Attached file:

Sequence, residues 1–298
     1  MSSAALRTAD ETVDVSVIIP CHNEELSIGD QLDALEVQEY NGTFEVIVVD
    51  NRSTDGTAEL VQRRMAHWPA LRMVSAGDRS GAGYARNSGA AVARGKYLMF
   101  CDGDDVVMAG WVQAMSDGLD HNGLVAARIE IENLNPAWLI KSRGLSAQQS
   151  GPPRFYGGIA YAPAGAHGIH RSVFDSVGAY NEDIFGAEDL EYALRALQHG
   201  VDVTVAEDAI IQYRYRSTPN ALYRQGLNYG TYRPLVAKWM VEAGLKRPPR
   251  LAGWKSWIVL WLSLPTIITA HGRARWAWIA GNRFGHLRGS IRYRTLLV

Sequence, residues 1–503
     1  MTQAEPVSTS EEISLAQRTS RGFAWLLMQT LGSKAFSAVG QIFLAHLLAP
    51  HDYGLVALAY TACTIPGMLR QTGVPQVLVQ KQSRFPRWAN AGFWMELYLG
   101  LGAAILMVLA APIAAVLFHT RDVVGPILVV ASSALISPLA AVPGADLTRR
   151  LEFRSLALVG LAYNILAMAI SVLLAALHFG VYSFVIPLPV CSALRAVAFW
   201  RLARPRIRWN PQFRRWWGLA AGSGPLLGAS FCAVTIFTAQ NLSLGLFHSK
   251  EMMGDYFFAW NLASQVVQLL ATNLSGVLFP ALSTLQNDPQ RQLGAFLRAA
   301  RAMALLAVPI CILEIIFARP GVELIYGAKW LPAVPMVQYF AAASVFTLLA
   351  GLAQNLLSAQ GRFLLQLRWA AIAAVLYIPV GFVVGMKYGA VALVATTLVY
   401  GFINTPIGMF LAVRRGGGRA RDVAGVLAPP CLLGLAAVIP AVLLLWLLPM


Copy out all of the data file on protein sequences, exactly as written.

Sequence, residues 1–298
     1  MSSAALRTAD ETVDVSVIIP CHNEELSIGD QLDALEVQEY NGTFEVIVVD
    51  NRSTDGTAEL VQRRMAHWPA LRMVSAGDRS GAGYARNSGA AVARGKYLMF
   101  CDGDDVVMAG WVQAMSDGLD HNGLVAARIE IENLNPAWLI KSRGLSAQQS
   151  GPPRFYGGIA YAPAGAHGIH RSVFDSVGAY NEDIFGAEDL EYALRALQHG
   201  VDVTVAEDAI IQYRYRSTPN ALYRQGLNYG TYRPLVAKWM VEAGLKRPPR
   251  LAGWKSWIVL WLSLPTIITA HGRARWAWIA GNRFGHLRGS IRYRTLLV

Sequence, residues 1–503
     1  MTQAEPVSTS EEISLAQRTS RGFAWLLMQT LGSKAFSAVG QIFLAHLLAP
    51  HDYGLVALAY TACTIPGMLR QTGVPQVLVQ KQSRFPRWAN AGFWMELYLG
   101  LGAAILMVLA APIAAVLFHT RDVVGPILVV ASSALISPLA AVPGADLTRR
   151  LEFRSLALVG LAYNILAMAI SVLLAALHFG VYSFVIPLPV CSALRAVAFW
   201  RLARPRIRWN PQFRRWWGLA AGSGPLLGAS FCAVTIFTAQ NLSLGLFHSK
   251  EMMGDYFFAW NLASQVVQLL ATNLSGVLFP ALSTLQNDPQ RQLGAFLRAA
   301  RAMALLAVPI CILEIIFARP GVELIYGAKW LPAVPMVQYF AAASVFTLLA
   351  GLAQNLLSAQ GRFLLQLRWA AIAAVLYIPV GFVVGMKYGA VALVATTLVY
   401  GFINTPIGMF LAVRRGGGRA RDVAGVLAPP CLLGLAAVIP AVLLLWLLPM